Thursday, February 18, 2010

(Confession) - Back in Junior High


So I'm in a meeting with other University folks, many of whom I was in a meeting with last Tuesday (and several are also Facebook friends).  On the surface, on the conscious level, I'm business-like and friendly, enjoying the camaraderie with folks from around campus, as we meet to discuss an important report to the Regents that could affect our work units. I make several comments, which seem to be fitting in with the flow of our communal thinking.

But - I'm also conscious of sitting next to someone I worked with very closely for a couple of years (until a few months ago), and - she's doesn't turn my way.  No eye contact.  She turns to the colleague next to her (one of our friendliest, full of good spirits and energy).  As we prepare to leave at the end of the meeting, again my former work-team colleague turns away from me to chat with our good-humored colleague.  I heave a sigh and leave.

DANG!  I'm back in junior high school again.

8 comments:

bobbybegood1 said...

Hello Mary Ellen,

My name is bobbybegood1. I was blog browsing and came upon your wonderful blog. What really made me check out your blog was a remark you stated in your about me section. "What you see is what you get." I like that. No illusions, personas, airs, facades. After reading that I said to myself, "Hmmm, a down-to-earth woman. Good! I hope we become good blogging friends. I do invite you to visit my blog site and leave a comment.

I totally emphathize with your feeling like you were back in Jr. High again. Sure, I can imagine that her gestures hurt your feelings, but that's her loss. Obviously. May I ask, why didn't you say anything to her? I work in the field of addictions and I always tell my clients to speak/stick up for themselves, if they feel slighted by someone. Not aggressively, but assertively. However, if one is not used to speaking their truth to another, it can be very hard. Cheers Mary Ellen!!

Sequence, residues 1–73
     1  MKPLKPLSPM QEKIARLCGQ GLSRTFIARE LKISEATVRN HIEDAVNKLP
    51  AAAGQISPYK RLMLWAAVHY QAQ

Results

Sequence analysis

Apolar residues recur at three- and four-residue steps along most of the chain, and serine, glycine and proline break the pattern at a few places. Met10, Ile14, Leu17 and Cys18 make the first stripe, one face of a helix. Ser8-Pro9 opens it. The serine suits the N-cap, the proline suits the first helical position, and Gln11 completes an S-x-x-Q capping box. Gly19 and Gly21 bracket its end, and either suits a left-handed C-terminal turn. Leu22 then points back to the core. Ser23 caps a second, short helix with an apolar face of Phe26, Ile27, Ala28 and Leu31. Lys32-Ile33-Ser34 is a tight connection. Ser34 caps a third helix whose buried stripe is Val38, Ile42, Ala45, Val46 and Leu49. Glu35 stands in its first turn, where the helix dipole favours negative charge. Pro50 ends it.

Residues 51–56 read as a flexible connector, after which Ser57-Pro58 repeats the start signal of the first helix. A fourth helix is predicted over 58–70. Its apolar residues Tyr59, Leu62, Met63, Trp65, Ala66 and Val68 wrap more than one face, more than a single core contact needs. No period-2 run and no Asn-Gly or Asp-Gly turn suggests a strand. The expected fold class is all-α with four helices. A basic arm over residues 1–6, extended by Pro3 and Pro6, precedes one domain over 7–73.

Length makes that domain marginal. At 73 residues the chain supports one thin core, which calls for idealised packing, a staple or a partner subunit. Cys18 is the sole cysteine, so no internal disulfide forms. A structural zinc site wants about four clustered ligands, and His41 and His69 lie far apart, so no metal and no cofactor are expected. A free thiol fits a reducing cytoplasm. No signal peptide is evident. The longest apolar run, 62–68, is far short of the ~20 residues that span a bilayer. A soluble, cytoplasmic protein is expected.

Reya Mellicker said...

People are weird. One thing I've learned over time is that when they're weird to me, nine times out of ten it has nothing to do with me, but is all about something going on with them.

You don't have to go back to junior high. Seriously!! xxoo

Mary Ellen said...

Thanks, Reya - and on my "adult" level I was mostly amused by the dynamic (or, quite probably, non-dynamic, as I doubt she was doing anything *to* me, just not paying me attention). And, bobby, I doubt that there was anything that needed to be spoken. I did think, on the way out, that I could reach out soon and suggest getting together for lunch / coffee, just to catch up. What amused/dismayed me was how much this stuff still catches at my schoolgirl ego: popularity, general public OK-ness. Deep introversion masked by professionalism, compounded by being a bit overstressed/tired just now.

Madame DeFarge said...

I'm always surprised how easily I regress to my rather more wobbly childhood days. Easily done and I hoped that I'd get past it by 40, but to no avail.

Minka said...

It is an issue hardly worth dealing with - and yet, we usually can't really stop thinking about it when something like this happens, can we? And I agree - it has nothing to do with you - maybe one day she will grow up. Or not.

practicalmysticmusings said...

Also I'd be curious in a different way. The fact that she is attracted to the bubbly outgoing person maybe says that she is hankering for this in herself? Or, she could be just feeling really insecure herself and so, turning to someone who seems so outwardly bubbly can be seen as the easier option. I've found this happen to me - I'm quite extrovert and funnily enough it's often people who are bit more introvert and shyer who are drawn to me in new situations.

Pop and Ice said...

I used to deal with that sort of nonsense when my daughter was a cheerleader. I don't know if it was because I was older, divorced and remarried (and Catholic), but I finally gave up the effort. And then I realized I really didn't want to be part of a group that was so exclusionary. I didn't want to be a part of their clique. They did not embody my idea of friendship. It was very freeing.

For you, especially, I would think that trying to home onto people like this would really disrupt your meditation. Life is too short; why bother spending it chasing down people who are just going to be rude to you?

shoreacres said...

There are some things we just can't help. All it took was for me to read your entry, for heaven's sake, and I was standing right back in the hallway outside my locker, watching Paula B and Bev F and the rest of the cheerleading crew giggle and throw their arms around one another and head off down the hall.

In the meantime, I stood there just watching - stupid, fat, ugly and boring. Right? Oh - maybe not. But that's how I felt then and there are certain situations that can bring it back again.

I deal with it better now, but it's very interesting when it pops up. Even cyberspace isn't immune. I don't experience it so much, but in forums and chatrooms where there's more intense interaction, you can see the same dynamic. Amazing.